"Each hexagon on the map represents 400 meters (438 yards) from side to opposite side. The units of maneuver are brigades, divisions, and two corps. Each full turn represents two to four hours of real time."

 The map is your standard size at 34"x22". The area of Deutsch-Wagram is just north of the area of the horrific battle of Aspern-Essling that preceded it. The colors of the map make the difference in terrain hexes easy to see. There are 228 9/16" counters, but because you will only use one 'step' at a time to represent each unit, the map does not become crowded with them. The counters are your standard fare magazine wargame ones, if a little thin. All of the tables and charts are on the map so you do not have to keep looking them up, or copying them from the magazine. 

 Wagram was a two day battle of incredible tenacity on both sides. When someone would denigrate the Austrian Army in later years, Napoleon would invariably answer "Then you were not with me at Wagram". The Austrian army was pushed back, and probably would fare poorly in another battle, but for two days gave as good as it got. The area of the battle does not allow for sweeping movements. This is a straight up fight between two juggernauts. The rules help to make this a very historically played game. As in reality, luck and a quick decision by the commanders is what will win the battle. It was designed by Ty Bomba, what else is there to say. Clean rules, that are laid out in an easy to follow and logical pattern. There are rules for creating a French 'grand battery', along with making a French 'Grand Square'. Both of these do not have to be chosen by the French player, but are useful and historically true for the battle. Just as in the Aspern-essling Battle, the Austrians are trying to cut the French off from the Danube River. Doing so will result in an automatic win for the Austrians.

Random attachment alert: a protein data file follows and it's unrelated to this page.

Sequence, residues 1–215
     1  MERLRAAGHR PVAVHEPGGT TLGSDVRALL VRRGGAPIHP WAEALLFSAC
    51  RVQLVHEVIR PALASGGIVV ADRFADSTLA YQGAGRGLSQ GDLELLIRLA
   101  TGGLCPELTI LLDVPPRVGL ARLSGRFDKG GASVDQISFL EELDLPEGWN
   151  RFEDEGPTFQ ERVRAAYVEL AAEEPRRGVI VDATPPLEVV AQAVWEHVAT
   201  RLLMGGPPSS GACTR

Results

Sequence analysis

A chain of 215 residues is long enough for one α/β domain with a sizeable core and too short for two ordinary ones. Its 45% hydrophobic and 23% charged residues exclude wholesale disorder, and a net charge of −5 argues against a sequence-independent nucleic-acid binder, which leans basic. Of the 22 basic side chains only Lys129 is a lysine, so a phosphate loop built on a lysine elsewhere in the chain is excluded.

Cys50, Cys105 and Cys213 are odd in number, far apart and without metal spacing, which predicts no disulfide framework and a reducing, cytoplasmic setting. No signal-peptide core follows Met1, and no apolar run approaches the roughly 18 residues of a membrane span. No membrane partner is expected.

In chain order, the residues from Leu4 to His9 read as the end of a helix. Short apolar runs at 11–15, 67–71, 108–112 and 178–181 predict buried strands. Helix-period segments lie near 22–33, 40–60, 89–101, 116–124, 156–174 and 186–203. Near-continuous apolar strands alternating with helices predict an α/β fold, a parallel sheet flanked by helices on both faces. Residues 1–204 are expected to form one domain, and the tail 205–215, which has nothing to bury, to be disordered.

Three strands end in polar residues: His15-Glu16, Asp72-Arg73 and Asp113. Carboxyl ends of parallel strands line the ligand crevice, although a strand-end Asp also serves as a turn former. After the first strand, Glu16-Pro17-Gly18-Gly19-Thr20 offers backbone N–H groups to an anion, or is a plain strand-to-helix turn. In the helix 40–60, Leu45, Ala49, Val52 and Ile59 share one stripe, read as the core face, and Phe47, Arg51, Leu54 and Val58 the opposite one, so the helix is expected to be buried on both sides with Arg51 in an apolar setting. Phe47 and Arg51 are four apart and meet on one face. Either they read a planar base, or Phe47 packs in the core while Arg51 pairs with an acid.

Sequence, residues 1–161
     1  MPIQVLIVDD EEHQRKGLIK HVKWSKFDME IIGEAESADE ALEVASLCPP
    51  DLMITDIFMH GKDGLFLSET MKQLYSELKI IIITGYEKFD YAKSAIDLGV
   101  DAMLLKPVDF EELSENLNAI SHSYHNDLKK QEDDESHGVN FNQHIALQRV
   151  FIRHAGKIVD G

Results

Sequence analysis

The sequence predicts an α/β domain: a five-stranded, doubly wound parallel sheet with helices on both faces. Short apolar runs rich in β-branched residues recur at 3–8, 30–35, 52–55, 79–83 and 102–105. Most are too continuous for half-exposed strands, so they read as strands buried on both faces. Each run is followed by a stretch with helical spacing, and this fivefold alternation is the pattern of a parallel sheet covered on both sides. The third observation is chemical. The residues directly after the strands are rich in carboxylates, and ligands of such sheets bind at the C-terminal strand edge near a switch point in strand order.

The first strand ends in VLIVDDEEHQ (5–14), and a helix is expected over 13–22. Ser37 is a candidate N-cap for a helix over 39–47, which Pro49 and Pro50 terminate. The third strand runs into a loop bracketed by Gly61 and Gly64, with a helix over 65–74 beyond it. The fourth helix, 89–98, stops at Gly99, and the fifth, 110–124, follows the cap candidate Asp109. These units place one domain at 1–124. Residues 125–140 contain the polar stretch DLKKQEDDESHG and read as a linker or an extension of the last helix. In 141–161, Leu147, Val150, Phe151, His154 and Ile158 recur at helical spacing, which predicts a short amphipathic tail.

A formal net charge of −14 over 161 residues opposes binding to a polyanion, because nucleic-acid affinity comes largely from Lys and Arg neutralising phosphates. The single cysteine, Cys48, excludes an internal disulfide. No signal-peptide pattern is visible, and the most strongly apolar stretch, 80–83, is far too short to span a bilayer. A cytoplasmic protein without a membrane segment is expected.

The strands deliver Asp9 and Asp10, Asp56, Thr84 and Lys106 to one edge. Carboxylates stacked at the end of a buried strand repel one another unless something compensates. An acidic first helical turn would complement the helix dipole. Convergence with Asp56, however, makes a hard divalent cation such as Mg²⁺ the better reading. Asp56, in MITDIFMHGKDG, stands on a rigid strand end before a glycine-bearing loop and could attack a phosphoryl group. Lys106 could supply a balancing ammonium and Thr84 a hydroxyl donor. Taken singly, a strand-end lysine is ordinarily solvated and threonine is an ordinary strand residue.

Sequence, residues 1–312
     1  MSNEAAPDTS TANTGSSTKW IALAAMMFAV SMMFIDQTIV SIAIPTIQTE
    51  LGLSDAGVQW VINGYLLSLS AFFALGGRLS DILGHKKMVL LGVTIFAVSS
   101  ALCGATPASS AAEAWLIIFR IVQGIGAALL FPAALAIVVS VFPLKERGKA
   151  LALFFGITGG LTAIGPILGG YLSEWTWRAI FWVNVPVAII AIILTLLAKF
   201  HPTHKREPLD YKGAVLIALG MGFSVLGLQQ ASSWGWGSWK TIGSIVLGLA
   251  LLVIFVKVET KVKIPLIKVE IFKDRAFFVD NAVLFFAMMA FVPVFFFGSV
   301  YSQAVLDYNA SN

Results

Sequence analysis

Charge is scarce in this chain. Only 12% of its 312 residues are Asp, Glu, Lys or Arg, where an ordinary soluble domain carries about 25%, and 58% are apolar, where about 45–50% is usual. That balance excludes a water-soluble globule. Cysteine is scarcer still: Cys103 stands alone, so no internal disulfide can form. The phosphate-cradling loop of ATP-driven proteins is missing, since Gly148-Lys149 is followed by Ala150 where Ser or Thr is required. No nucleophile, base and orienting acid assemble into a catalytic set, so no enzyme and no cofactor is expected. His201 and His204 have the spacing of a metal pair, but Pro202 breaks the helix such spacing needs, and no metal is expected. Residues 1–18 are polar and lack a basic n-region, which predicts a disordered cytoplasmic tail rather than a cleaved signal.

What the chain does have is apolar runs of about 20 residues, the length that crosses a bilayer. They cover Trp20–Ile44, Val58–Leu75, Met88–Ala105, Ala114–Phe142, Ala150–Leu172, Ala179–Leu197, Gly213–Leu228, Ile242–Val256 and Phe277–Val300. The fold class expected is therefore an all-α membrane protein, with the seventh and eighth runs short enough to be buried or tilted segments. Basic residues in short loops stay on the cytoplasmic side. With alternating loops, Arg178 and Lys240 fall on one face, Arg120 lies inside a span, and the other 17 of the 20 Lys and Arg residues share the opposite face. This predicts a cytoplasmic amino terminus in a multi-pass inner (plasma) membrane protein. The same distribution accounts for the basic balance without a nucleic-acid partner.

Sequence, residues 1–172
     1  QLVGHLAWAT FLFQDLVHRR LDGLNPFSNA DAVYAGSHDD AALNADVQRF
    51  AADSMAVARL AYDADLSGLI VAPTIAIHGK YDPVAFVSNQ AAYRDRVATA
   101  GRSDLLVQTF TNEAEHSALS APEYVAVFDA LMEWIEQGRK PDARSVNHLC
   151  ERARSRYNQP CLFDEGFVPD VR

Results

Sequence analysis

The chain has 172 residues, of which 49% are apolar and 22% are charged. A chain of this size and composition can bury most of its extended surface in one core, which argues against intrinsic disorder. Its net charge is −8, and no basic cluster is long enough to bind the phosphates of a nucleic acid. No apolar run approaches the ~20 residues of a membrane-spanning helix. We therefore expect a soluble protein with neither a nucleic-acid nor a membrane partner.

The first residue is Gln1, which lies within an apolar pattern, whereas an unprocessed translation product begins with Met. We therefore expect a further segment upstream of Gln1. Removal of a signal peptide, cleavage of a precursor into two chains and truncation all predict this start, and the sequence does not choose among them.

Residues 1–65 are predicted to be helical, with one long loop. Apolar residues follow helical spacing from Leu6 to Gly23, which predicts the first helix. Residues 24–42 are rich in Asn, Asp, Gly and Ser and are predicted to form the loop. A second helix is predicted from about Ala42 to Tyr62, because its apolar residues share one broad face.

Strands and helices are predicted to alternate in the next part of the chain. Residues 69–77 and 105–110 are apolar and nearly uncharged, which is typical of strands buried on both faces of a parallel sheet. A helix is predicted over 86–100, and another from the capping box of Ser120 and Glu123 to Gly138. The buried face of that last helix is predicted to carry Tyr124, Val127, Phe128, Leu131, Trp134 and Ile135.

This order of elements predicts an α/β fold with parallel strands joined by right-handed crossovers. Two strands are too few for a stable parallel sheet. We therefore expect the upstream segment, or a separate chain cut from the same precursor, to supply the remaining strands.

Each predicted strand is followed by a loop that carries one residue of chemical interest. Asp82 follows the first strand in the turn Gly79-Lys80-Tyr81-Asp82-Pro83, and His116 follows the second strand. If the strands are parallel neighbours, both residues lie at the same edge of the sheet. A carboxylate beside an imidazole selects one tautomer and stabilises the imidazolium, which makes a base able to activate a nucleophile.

This is the sequence of play:

I. Phase Sequence Declaration Step
II. Alternating Actions Movement or Combat Phase
III. Movement or Combat Recovery step
IV. Alternating Actions Combat or Movement Phase
V. Combat or Movement Recovery Phase
VI. Night Turn Recovery Step (Turn 5 only)

1. France Decides move first
2. France and Austria alternate moving one unit
3. Move recovery
4. France and Austria alternate attacking with one unit
5. Combat recovery

 The games I have played have all come down to the wire. None of them were an easy win for either side. The rules simulate each army's weaknesses and strengths.

  I received word from the designer that future Paper Wars will include two battles from The Crimean War: Alma and Inkerman. Paper Wars is more of an 'inhouse' magazine like 'The General' was for Avalon Hill, which is fine for those of us that do like Compass Games and have invested in them. Magazine games were once looked upon as just 'fluff' to entice the buyer, and not 'real' wargames. That view has long been proven wrong. Most of them could easily be turned into boxed games, with a little attention to detail and upgrading the components. 

Compass Games Paper Wars: